Because the state relies heavily on federal funding, she said, state leaders should be less inclined to stand apart from the rest of the country, as they have with the Affordable Care Act and its accompanying Medicaid expansion. More Mississippians would have health insurance if the state expanded Medicaid and many will lose the insurance they have with the repeal of the ACA, she said.
“All states have an issue with poverty and health insurance, but we do specifically because we rely on so much federal funding. It doesn’t make sense to have a problem and a way to fix the problem, and then to ignore both,” she said.
A religious woman, she said she’ll pray for Trump. But her concerns loom large.
“Our first African-American president gave a great deal of hope to many. Now we’re looking at President-elect Trump, who has been extremely contentious. We hope he’ll represent all of America, tone down the rhetoric and understand that to our sons and daughters, words matter.”
She looks to the next generation to make a difference as she has but sees a lot of natives leaving Mississippi after graduation.
“There are people determined to stay in our state to improve it,” she said. “Many do not stay. We hope to turn that around, to keep our kids in our state to improve it.”
Race is always close to the surface
Richmond Vincent Jr., recently appointed president and CEO of Goodwill Industries of South Mississippi, said one of his long-term goals is to eliminate poverty. Goodwill plays a vital role in that ambitious end. The organization helps residents with education and job training.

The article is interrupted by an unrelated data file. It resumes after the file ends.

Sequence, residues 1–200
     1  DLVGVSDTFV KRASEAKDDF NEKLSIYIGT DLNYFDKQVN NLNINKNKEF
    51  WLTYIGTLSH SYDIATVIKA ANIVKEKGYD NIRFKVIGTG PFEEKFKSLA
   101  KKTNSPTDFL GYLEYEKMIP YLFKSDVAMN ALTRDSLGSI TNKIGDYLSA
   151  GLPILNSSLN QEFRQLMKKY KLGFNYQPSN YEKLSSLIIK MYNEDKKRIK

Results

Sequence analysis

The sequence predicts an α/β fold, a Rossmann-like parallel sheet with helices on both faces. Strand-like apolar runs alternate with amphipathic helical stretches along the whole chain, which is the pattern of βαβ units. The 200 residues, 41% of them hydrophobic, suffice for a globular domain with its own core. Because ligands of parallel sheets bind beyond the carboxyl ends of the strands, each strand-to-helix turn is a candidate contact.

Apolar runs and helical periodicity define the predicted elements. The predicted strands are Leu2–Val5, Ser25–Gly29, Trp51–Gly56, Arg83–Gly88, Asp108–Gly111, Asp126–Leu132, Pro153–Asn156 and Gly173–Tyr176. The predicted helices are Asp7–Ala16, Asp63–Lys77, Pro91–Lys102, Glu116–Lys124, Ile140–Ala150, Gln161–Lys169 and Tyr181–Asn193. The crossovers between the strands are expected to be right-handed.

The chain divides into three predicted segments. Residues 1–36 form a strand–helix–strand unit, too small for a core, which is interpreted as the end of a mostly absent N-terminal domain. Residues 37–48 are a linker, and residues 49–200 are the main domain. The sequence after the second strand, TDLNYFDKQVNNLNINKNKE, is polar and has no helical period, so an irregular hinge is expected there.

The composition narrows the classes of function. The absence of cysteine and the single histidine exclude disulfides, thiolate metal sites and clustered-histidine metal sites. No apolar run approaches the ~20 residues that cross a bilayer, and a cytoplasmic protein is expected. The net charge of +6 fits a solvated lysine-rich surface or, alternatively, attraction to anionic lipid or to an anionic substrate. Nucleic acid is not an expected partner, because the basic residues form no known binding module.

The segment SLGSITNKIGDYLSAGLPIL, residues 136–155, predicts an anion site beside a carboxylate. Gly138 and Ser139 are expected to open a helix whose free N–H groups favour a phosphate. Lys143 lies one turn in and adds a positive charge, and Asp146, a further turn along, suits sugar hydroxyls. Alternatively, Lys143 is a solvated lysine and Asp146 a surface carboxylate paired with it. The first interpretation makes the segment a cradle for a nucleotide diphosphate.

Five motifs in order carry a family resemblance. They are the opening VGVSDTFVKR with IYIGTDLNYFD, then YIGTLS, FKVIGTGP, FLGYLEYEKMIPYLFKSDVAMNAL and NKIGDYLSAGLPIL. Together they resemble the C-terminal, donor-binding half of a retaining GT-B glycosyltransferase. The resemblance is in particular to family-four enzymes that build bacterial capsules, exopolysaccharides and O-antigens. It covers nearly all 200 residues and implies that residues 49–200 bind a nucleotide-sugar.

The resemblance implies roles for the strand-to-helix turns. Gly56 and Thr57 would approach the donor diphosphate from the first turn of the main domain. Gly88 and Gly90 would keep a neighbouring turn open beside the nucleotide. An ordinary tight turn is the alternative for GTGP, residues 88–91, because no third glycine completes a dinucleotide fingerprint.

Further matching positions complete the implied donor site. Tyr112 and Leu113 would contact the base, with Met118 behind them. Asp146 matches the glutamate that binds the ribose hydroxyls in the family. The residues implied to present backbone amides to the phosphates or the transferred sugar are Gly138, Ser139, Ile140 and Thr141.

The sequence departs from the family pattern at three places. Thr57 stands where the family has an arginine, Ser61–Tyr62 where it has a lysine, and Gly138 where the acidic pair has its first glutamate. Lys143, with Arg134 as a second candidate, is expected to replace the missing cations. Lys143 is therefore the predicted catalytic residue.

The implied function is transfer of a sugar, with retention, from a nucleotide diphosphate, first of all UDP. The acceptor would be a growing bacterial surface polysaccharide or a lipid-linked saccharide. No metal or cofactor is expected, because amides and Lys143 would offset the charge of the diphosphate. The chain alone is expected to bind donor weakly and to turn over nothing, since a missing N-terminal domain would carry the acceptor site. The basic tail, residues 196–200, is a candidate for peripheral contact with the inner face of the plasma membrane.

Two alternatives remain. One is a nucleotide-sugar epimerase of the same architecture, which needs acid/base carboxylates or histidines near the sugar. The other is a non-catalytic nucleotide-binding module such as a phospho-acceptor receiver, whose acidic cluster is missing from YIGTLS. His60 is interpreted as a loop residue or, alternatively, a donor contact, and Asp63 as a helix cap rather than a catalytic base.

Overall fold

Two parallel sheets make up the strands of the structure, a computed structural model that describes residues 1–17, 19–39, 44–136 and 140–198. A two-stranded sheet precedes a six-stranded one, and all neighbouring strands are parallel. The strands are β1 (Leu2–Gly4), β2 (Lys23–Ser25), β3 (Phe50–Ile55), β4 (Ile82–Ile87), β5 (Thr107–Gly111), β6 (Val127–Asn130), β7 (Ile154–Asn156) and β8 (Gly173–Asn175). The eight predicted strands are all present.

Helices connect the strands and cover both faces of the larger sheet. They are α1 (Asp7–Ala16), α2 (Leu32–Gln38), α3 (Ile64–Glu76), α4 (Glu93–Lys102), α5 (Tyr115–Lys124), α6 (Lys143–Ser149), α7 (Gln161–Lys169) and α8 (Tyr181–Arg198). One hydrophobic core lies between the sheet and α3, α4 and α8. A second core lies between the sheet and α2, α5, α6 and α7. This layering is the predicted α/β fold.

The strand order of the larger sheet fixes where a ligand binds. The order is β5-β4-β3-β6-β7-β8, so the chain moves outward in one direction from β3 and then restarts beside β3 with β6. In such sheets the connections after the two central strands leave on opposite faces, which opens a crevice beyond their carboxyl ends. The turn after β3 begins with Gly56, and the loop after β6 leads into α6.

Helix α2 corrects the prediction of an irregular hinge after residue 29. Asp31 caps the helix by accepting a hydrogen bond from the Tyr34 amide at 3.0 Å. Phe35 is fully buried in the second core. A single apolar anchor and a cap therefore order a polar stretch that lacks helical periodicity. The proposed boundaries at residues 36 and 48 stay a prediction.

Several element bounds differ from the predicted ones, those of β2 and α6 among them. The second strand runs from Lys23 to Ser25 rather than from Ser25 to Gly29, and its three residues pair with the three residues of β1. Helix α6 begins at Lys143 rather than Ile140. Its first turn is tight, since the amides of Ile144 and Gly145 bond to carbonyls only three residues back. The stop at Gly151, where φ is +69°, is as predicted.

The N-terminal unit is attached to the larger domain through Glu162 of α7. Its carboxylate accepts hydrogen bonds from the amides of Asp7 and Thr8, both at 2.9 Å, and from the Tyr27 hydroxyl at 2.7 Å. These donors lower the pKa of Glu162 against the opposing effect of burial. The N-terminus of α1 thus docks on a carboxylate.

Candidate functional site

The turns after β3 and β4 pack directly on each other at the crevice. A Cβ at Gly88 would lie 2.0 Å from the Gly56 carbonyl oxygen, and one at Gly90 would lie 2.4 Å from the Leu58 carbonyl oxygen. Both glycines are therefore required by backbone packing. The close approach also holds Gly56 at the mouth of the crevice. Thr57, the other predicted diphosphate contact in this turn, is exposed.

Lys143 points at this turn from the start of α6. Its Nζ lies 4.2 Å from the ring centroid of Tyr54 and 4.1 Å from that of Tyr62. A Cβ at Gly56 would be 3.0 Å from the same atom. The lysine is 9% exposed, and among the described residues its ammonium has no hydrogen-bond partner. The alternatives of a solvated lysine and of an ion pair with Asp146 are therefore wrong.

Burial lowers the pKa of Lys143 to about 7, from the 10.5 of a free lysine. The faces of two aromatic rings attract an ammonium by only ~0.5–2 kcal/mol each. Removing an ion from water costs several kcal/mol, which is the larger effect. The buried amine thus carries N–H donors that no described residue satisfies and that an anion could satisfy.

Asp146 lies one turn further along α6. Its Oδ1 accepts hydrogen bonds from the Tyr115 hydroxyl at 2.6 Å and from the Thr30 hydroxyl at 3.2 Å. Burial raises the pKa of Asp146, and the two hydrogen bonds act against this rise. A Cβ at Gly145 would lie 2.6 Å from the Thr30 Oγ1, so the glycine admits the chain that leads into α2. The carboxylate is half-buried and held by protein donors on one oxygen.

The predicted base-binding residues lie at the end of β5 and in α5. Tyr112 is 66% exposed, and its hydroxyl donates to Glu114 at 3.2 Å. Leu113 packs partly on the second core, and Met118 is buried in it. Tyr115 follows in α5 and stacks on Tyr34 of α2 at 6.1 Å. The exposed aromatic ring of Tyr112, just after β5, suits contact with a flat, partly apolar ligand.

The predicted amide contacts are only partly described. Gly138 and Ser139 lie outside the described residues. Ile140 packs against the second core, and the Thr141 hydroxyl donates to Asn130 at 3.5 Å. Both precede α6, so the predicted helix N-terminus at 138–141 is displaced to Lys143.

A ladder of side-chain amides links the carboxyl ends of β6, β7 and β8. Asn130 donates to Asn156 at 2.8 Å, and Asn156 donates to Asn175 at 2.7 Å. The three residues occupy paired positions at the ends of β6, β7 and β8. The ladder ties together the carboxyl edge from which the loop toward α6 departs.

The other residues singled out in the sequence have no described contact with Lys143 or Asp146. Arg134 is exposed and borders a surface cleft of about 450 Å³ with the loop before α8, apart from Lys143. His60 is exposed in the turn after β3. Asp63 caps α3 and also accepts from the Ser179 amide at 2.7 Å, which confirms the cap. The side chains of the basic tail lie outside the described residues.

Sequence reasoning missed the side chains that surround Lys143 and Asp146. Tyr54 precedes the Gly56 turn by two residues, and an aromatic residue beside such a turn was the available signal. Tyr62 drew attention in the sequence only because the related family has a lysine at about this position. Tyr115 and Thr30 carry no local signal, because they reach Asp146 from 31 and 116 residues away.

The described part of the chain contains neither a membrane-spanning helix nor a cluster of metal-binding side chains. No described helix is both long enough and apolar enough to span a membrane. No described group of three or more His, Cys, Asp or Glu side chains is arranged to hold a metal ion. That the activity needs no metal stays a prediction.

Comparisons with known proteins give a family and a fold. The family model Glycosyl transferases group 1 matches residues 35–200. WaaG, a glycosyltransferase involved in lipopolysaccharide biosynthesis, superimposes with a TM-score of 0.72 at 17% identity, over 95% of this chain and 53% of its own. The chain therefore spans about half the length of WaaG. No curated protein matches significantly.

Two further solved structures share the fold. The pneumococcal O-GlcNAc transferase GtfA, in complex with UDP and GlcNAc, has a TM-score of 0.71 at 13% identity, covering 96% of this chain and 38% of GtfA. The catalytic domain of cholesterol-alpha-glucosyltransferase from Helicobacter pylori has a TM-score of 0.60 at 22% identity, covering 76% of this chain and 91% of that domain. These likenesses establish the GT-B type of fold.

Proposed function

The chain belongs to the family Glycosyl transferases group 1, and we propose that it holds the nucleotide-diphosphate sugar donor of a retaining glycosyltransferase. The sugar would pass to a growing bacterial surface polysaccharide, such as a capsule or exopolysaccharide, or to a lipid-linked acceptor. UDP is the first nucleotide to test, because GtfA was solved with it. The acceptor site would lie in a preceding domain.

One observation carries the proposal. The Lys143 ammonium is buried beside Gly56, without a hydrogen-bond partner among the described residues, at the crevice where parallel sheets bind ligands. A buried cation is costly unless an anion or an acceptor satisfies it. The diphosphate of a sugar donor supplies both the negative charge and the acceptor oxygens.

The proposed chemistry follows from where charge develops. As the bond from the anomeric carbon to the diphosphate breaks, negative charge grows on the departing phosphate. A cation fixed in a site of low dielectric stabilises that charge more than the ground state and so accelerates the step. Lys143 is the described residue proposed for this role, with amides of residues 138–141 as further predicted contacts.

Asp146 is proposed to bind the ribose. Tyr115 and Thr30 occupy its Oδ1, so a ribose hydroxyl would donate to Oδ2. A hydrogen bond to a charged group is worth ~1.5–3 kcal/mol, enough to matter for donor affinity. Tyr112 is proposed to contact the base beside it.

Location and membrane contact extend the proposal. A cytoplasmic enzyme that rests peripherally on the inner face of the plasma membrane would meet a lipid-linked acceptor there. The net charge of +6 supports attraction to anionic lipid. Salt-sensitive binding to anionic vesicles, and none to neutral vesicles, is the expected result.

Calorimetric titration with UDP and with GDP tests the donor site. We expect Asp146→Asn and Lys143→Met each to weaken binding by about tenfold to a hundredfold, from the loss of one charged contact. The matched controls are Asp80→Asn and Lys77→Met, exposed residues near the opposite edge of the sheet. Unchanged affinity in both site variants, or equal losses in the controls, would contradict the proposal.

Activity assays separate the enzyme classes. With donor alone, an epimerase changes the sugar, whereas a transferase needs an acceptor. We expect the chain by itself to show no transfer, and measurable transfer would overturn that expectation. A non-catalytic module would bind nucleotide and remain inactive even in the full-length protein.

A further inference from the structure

“The MLK holiday is a great opportunity to reflect on where we’ve been and where we need to go. For me it’s paramount.”
Vincent said he takes his cues from King, because he sought to improve the quality of life not just for black Americans but for everyone.
“I think it’s everyone’s responsibility if an injustice has occurred,” he said. “Justice is justice. When you really listen or read Martin Luther King, you learn he spoke for every single man, woman and child. It always was about everyone.”
I think it’s great to be here in Mississippi. Let’s take that history and let’s evolve into being one of the leaders in racial harmony.
Gulfport Goodwill CEO Richard Vincent
Aware of Mississippi’s contentious history around race, Vincent, who moved to Gulfport for his position less than two weeks ago, said he believes he’s in the right spot. He emphasized he’s not an advocate or an activist.
“I think it’s great to be here in Mississippi. Let’s take that history and let’s evolve into being one of the leaders in racial harmony,” he said.
Fallout of Great Americans Day tweet
State Rep. Jeramey Anderson, D-Moss Point, the youngest black legislator elected in the state, released a statement in response to the city of Biloxi tweeting “Great Americans Day” in place of Martin Luther King Jr. Day.
Anderson said he was glad to see a conversation begin, but toward that end he added: “There are a lot of things in our local communities that need to be undone to put Mississippi on a more progressive path to the future. It will definitely take citizens being more involved in local government as well as state for us to get there.”